Pretty simple, right? Well you may ask why is this is even important. If you are going to have bleeds on your document, than your printer needs to know ahead of time. The reason for this is because documents that have a bleed need to have artwork created that extends beyond the actual page size. The printer will actually print the piece on larger pieces of paper, and then cut it to size. That is how they get the ink to lay perfectly to the edges.
In most cases a document with no bleeds will be cheaper, as there are fewer steps involved to create them.
Graphic Resolution (DPI)
I’m sure at some point someone has asked you for a “high resolution” picture, or a “print resolution” graphic. This can sometimes throws a lot of people for a loop, and this one topic could probably have its own 3 part blog by itself, so I will try to keep this as simple as possible.
When we talk about resolution we are talking about an image’s DPI (dots per inch) at its current size.
Graphics for Print: We normally need print images to be at 300 dpi, at actual size, to ensure a clean, crisp image. This is primarily because printers print with more dots per inch. A “dot” is a spec of color (cyan, magenta, yellow or black) from the inks that are used. For clear print pieces you need dense, high quality color distribution.
Graphics for Web: Images for the web can be a lot smaller at only 72dpi because your screen only displays with 72 dots per inch.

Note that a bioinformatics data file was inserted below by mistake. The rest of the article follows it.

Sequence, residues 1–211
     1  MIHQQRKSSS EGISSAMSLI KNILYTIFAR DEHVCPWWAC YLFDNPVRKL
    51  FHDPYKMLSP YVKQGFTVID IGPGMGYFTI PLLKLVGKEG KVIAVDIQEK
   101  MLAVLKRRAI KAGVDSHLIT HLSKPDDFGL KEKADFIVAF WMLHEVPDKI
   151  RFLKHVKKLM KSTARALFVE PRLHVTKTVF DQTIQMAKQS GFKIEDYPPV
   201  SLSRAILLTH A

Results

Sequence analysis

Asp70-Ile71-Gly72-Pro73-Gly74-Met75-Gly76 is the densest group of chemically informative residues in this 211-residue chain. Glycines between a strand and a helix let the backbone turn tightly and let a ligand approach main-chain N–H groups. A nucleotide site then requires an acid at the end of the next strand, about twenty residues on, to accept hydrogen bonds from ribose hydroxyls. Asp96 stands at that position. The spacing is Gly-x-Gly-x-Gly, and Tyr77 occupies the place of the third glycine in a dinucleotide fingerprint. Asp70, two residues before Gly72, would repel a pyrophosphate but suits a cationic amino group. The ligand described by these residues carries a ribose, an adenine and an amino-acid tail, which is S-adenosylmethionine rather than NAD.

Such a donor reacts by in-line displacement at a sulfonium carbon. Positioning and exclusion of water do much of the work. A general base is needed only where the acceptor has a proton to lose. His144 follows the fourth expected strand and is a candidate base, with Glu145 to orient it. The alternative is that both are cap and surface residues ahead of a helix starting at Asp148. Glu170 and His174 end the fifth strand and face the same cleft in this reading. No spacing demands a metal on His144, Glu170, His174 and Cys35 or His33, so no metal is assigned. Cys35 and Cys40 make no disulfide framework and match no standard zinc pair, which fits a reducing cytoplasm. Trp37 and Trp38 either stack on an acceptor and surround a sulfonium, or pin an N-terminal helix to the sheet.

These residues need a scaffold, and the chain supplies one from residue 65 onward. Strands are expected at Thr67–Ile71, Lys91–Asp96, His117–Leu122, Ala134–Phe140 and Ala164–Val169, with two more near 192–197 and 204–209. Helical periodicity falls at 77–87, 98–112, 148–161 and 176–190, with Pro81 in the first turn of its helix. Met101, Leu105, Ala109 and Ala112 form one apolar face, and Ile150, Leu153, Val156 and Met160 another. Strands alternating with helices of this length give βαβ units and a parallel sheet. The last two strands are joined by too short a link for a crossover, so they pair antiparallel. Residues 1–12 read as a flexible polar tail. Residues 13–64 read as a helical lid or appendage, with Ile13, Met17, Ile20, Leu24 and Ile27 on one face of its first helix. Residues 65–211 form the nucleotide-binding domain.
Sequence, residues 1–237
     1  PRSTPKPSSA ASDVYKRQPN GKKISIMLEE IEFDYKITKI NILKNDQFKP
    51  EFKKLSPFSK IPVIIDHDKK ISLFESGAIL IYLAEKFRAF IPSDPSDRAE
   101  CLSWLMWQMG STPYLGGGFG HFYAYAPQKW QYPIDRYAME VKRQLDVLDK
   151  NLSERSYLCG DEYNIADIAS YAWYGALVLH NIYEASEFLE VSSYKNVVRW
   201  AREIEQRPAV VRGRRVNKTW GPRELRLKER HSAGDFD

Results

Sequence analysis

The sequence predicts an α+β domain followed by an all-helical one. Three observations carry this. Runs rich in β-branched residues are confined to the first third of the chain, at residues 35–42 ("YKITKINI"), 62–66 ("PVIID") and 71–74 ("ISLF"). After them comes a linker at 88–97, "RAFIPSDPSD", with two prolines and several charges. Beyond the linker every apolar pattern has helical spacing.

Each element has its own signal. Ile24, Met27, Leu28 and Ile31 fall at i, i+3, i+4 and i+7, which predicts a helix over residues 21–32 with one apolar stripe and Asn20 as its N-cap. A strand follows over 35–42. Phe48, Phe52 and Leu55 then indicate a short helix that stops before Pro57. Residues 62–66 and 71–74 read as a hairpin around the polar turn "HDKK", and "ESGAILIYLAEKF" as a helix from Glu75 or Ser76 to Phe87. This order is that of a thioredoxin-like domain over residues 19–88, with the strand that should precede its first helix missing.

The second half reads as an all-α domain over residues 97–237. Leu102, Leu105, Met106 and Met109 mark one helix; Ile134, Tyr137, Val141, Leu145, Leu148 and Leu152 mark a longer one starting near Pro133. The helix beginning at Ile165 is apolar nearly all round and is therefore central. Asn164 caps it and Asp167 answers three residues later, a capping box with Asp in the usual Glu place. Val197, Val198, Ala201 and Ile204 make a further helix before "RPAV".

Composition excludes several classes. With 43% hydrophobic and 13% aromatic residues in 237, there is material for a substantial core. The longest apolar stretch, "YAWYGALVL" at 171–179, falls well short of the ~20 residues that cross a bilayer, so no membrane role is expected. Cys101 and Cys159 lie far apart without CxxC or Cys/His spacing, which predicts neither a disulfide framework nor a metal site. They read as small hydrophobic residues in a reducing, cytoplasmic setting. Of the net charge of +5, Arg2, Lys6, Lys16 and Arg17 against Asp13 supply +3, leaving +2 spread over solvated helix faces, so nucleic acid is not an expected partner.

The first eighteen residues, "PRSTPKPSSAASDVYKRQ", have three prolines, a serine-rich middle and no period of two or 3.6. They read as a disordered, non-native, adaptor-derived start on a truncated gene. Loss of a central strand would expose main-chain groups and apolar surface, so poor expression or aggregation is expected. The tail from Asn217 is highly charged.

So, how does this break down? For our example, we’ll take a 5”x5” image. For use on the web, it only has to be 72 dpi resolutions; therefore, you are looking for an image that is 360×360 pixels (72 dots per inch x 5 inches = 360). Whereas in print, that same 5”x5” image needs to be at least 1,500×1,500 pixels (300 dots per inch x 5 inches = 1,500).
At the end of the day, and to keep your sanity, you will ALWAYS want to start with the largest size photo you can on your print projects. This means that for a printed piece, more often than not, you can’t just pull an image off the web because it won’t be at a high enough resolution.
File Sizes (Trim, Live, Bleed)
The last item we’ll talk about is file sizes. For someone that doesn’t design for a living, you would think that there would only need to be one size for the document. Well, that’s only partially true, because there is more to it. Let’s jump into what I mean and we can go from there.
Trim Size: This is probably what you know the document size to be. This will be the finished size of the document. Simple, right?
Live Size: This is what is considered the “safe area” within the document, which is usually .25” or .5” within the trim size. The importance of this is to make sure that none of the content accidently gets trimmed off if there is a slight misalignment in any of the printing processes. This is why it’s also referred to as the “safe area”.
Bleed Size: We already discussed what bleeds are earlier, but this measurement just gives the designer an actual amount to extend the artwork outside of the trim size. If you remember, the document will be printed larger than the finished trim size, and then in a later process it’s trimmed down to the finished trim size.
Well, that wraps up the basics of preparing files for print. Are you lost? Did any of this clarify the unknown?
I realize at the end of the day, you still will have your designer do this work for you as they should, but perhaps the information above will help you out of a jam one day. Did I leave out a lot of information in this article? Yes, but the key was to communicate the basics of this somewhat mysterious topic and you can choose if you want to build on it from there. Sometimes the basics are the hardest thing to get.
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Happy content creation!
Tags: Branding & Collateral